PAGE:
Buyers' Guide: Turning over a new Leaf
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If you’ve been thinking about switching to a fully electric vehicle (EV) you’re not alone.
As you walk through a car park or shopping mall, it’s hard not to notice their increasing popularity.
In 2017 there were 2922 light electric vehicles sold in NZ, with used EVs making up the lion’s share (2232). This was mainly due to used vehicle pricing and availability. This trend has continued with 1562 used EVs sold in the first six months of 2018.
One of our AA members approached us to share her story of what life is like with a used Nissan Leaf EV she bought in 2017.
An EV convert’s story
Before having an EV, the member had a large SUV. She used the vehicle only for short trips; going to and from work (a short round trip of about 8km) and the occasional trip to her local supermarket or shopping mall — all of which never even gave the vehicle a chance to heat up.
She was struggling to justify keeping this type of vehicle in addition to her main family car.
What did she buy?
After looking around at what was on the market, she decided to purchase a used Japanese 2015 24kW Nissan Leaf with around 8000km on the clock.
This was the newest and lowest mileage model she could afford at the time.
The model was priced between $20,000-$23,000 with an estimated battery range of about 120-130km.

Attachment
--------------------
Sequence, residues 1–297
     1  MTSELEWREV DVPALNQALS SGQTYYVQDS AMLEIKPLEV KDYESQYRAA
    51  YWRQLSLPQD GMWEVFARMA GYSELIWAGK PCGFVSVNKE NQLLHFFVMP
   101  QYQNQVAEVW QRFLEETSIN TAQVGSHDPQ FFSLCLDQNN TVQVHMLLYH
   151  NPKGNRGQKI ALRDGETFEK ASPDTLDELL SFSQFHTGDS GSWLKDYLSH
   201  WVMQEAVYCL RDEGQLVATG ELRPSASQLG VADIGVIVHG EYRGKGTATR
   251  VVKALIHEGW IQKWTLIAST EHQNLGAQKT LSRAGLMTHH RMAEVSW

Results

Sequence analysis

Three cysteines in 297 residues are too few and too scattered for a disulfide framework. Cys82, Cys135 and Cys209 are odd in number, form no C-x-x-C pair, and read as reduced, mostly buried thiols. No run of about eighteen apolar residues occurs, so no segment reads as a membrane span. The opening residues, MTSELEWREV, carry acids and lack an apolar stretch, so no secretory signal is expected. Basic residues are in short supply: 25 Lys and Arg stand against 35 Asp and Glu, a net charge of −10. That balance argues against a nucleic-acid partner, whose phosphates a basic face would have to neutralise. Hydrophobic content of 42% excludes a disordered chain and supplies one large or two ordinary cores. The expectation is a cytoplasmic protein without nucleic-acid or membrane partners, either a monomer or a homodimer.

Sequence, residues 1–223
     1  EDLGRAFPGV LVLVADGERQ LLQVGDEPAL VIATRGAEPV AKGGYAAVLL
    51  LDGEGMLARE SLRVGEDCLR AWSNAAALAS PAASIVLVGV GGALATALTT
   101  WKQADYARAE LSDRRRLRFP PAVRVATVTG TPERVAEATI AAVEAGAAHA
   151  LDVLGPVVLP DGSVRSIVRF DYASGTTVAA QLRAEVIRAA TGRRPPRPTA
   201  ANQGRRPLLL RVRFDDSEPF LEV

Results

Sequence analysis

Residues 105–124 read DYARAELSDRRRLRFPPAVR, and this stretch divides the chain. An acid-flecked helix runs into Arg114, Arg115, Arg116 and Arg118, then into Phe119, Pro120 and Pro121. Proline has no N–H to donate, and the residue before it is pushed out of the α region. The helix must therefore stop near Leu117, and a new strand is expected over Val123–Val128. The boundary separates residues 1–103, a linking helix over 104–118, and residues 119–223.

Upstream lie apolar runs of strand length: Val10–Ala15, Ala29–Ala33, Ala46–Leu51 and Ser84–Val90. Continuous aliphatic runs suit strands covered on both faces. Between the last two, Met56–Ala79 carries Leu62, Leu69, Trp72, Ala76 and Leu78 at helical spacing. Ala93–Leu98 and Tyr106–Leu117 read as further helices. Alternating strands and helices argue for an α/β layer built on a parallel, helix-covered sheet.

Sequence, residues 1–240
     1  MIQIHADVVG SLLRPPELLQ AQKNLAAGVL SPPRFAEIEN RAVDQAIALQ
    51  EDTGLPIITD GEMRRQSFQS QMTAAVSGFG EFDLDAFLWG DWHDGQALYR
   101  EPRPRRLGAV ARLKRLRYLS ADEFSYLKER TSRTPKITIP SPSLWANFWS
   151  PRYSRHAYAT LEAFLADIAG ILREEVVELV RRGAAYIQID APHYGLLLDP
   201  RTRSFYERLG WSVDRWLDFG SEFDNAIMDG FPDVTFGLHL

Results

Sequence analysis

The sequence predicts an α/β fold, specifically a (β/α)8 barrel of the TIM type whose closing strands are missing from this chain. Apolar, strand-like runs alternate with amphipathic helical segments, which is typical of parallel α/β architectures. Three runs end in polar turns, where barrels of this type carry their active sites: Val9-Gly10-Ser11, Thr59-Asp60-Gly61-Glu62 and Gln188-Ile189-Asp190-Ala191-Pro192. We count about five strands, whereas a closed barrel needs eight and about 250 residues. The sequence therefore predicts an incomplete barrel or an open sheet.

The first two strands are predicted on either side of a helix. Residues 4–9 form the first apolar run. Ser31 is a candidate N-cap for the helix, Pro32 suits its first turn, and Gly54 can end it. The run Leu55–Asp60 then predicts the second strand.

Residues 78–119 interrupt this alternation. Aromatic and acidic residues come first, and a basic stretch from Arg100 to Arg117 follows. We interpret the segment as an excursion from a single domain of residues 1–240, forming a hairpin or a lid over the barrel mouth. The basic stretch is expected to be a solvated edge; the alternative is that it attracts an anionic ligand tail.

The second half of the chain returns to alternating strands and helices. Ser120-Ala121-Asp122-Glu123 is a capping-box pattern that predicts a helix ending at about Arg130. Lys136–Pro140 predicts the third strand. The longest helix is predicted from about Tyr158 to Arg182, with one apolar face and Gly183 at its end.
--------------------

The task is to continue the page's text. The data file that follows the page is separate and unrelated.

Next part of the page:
She also considered a newer 2016 30kW Leaf, which had a longer battery range of 160-170km, but after reviewing driving distances and budget she decided she didn’t need to upgrade to a newer model.
How long does the battery last?
In winter, a full charge lasts them about eight to 10 days.
Winter driving requires wipers, lights and air conditioning, which can all have a negative effect on the discharge rate of the battery.
Summer charges tend to last 10 to 14 days as wipers etc are used less. Battery range can also be affected when carrying more people or traversing a lot of hills.
How do owners charge the battery?
They generally charge at home and have installed a 15 amp wall socket into their garage, which cost them around $800-$1000.
They charge from around 20 per cent battery (they never let it run down below 20 per cent) which takes about three to four hours.
Before the 15 amp socket was installed, it took between four to six hours, which was still manageable.
They don’t use public charging stations a lot as they’re able to predict how often they need to charge their Leaf at home, but they’re pleased they’re available for when they do need them.
What about servicing?
Maintenance has been minimal, but they have had the vehicle for only about 10 months. EVs still have conventional brakes, brake fluid, coolant and other items that require periodic inspections and servicing.
Is she happy with changing to an electric vehicle?
Overall she is happy with changing to electric as it works better for her needs; a vehicle for shorter journeys within a budget she can afford. Other elements such as the positive environmental effects due to having less carbon emissions than a petrol vehicle are a bonus.
There are nearly 9000 EVs registered in New Zealand, and it is predicted this number will continue to grow as new models enter the market, they become more affordable, and accessibility to charging stations increases.
The AA has also launched EV Charge Finder which uses the revolutionary and world-first EVRoam platform. Hosted on the AA’s Time and Distance calculator, EV Charge Finder enables drivers to plot their journey between charging stations, removing range anxiety stress for EV drivers who will now know, with certainty, there is a safe and reliable charging station on their route.
● Go to aa.co.nz/travel/time-and-distance-calculator and select charging stations.
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